Cleanwater Nashville

Metro Water Services

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Additional updates

Plans for CWWTP Expansion

Date added: 01-Sep-2017 02:47 PM

Plans for CWWTP ExpansionMetro Water Services is advancing plans for a major expansion of the Central Wastewater Treatment Plant (CWWTP). The plant was originally constructed in 1958 and has been expanded several times through the years to address environmental quality standards and to meet demands of Nashville’s growth.
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Clean Water Nashville projects nearing completion

Date added: 01-Sep-2017 02:44 PM

Clean Water Nashville projects nearing completionA handful of large-scale Clean Water Nashville Overflow Abatement Program (CWNOAP) projects will be completed in late 2017 and early 2018, renewing system infrastructure and boosting Nashville’s compliance with the Clean Water Act by reducing wastewater overflows into the environment.
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Remote-controlled cameras provide eyes for underground pipe repairs

Date added: 01-Sep-2017 01:38 PM

Remote-controlled cameras provide eyes for underground pipe repairsThe majority of Nashville’s sewer system lies hidden beneath streets and buried in easements. Since it cannot be readily observed, Metro Water Services (MWS) deploys a variety of technologies to assess the system’s condition.
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West Park Equalization Facility Phase II is taking shape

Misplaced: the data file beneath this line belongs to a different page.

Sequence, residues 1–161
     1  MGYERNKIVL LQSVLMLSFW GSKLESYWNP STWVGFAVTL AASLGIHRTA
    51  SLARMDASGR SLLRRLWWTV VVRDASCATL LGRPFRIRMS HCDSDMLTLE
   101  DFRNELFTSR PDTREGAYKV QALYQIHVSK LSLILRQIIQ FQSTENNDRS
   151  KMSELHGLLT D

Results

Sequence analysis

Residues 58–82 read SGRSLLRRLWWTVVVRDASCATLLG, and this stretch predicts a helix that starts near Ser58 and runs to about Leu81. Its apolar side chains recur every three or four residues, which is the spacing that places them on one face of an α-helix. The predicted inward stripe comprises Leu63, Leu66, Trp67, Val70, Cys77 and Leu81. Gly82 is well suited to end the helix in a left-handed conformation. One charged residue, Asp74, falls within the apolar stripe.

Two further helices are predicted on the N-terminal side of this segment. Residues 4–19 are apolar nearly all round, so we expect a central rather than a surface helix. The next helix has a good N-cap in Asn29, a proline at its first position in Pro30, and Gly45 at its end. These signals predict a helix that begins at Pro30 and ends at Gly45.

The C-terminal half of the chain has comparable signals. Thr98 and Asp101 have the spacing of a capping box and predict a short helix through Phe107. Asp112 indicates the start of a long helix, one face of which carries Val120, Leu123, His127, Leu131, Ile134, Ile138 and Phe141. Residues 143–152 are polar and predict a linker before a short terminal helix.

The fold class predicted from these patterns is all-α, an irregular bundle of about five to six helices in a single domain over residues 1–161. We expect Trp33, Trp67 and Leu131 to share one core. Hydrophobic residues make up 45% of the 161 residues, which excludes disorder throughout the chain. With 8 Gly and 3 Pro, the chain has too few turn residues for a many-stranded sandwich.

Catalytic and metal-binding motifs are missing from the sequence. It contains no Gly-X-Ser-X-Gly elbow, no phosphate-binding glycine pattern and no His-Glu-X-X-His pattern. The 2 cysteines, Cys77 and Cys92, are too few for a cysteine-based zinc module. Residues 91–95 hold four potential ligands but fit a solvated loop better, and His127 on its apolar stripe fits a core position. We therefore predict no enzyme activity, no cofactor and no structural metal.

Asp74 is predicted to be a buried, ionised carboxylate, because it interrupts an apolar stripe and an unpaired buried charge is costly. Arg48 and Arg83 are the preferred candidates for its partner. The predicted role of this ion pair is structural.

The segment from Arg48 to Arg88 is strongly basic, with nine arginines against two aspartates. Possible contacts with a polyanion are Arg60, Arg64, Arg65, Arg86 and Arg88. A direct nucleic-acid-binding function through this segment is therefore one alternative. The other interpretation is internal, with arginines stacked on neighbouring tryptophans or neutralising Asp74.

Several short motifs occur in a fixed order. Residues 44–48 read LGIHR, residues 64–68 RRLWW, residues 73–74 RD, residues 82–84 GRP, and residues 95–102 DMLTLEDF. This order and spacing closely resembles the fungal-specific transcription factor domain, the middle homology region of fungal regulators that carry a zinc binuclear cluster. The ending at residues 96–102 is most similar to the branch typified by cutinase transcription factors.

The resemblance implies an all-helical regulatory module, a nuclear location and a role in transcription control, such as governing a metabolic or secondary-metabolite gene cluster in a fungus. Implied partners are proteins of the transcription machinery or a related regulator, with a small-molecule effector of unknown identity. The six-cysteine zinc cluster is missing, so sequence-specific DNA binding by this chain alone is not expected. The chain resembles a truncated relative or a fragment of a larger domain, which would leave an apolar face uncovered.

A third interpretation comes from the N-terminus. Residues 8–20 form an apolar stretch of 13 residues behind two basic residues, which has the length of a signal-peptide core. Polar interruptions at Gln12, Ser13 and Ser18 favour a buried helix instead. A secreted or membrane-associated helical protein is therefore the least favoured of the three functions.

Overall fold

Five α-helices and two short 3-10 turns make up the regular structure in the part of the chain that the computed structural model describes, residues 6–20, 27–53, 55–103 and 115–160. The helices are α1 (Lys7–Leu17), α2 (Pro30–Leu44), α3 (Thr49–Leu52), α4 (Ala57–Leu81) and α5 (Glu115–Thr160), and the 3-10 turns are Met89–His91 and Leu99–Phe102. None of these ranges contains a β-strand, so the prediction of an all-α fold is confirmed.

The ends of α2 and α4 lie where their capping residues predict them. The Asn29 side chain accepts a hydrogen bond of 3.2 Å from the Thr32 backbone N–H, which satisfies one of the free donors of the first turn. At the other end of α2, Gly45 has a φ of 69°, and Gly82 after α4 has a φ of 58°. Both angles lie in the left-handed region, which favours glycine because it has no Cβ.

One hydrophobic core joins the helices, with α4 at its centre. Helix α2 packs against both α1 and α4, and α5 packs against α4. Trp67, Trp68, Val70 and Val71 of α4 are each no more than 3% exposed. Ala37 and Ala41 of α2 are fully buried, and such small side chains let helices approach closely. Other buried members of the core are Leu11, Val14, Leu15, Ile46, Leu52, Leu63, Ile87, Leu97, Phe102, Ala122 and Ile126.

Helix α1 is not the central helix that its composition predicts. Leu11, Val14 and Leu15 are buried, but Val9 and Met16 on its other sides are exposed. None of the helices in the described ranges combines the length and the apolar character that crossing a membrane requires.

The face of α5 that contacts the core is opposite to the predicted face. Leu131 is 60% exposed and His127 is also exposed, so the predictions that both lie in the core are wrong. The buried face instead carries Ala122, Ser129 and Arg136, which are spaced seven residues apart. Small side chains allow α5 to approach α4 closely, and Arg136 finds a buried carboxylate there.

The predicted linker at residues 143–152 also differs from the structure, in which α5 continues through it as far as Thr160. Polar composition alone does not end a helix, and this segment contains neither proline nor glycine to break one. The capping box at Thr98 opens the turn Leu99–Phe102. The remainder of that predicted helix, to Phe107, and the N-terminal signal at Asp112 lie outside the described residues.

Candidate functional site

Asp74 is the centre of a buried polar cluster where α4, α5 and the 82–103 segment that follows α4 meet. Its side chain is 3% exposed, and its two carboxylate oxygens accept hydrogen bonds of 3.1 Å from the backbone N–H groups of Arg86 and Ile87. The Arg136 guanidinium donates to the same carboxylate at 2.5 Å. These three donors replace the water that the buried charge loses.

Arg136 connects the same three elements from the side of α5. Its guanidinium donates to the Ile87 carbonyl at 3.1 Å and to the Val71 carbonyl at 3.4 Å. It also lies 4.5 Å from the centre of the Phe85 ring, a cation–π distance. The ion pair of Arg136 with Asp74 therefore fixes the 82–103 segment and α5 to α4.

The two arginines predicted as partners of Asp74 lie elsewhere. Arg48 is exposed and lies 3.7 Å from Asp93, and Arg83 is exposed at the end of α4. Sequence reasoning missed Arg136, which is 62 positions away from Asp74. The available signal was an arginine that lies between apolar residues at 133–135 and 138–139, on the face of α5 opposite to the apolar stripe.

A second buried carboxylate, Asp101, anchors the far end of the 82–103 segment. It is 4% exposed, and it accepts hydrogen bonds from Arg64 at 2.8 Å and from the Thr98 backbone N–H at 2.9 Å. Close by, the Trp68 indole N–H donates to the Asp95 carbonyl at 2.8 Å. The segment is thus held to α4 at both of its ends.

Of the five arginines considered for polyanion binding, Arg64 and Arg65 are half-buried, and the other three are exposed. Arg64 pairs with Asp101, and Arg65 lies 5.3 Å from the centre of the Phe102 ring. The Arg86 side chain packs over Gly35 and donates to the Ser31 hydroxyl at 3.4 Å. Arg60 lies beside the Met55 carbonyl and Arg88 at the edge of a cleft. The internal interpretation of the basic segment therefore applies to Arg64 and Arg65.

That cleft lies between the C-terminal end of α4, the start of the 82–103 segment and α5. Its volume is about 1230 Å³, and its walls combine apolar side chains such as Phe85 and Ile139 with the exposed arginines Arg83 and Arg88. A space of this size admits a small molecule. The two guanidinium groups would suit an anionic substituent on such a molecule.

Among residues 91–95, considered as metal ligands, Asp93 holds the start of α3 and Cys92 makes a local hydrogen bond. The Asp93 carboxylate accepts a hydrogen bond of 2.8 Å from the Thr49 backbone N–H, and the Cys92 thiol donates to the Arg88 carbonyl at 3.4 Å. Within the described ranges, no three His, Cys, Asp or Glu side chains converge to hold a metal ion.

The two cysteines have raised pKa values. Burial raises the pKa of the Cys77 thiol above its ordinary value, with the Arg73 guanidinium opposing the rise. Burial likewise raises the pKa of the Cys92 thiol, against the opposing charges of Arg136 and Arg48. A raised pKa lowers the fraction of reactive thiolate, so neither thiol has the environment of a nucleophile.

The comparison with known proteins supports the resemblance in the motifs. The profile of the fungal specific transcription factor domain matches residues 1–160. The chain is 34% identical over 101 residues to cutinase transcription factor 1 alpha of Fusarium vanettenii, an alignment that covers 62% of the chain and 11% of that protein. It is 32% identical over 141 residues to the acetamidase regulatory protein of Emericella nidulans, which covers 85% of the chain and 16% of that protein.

Date added: 23-Feb-2017 01:57 PM

West Park Equalization Facility Phase II is taking shapeConstruction of a new, circular-shaped 260-foot diameter, 21 million gallon wet weather storage tank increases the capacity of wastewater storage during wet weather events. The new storage tank will be utilized when sewer flows exceed the capacity of the existing West Park Pump Station.
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Broadway, Van Buren overflows eliminated

Metro Nashville is making significant progress toward improving Cumberland River water quality, eliminating two downtown combined sewer overflow (CSO) points. Closing the Broadway and Van Buren CSO’s reduces the number of Davidson County overflow points by 25 percent and reduces the amount of contaminated stormwater and wastewater flowing directly into the Cumberland River. To achieve this success, Metro Water Services modified existing infrastructure so flows would be routed to the Central Waterwater Treatment Plant instead of flowing untreated directly into the river.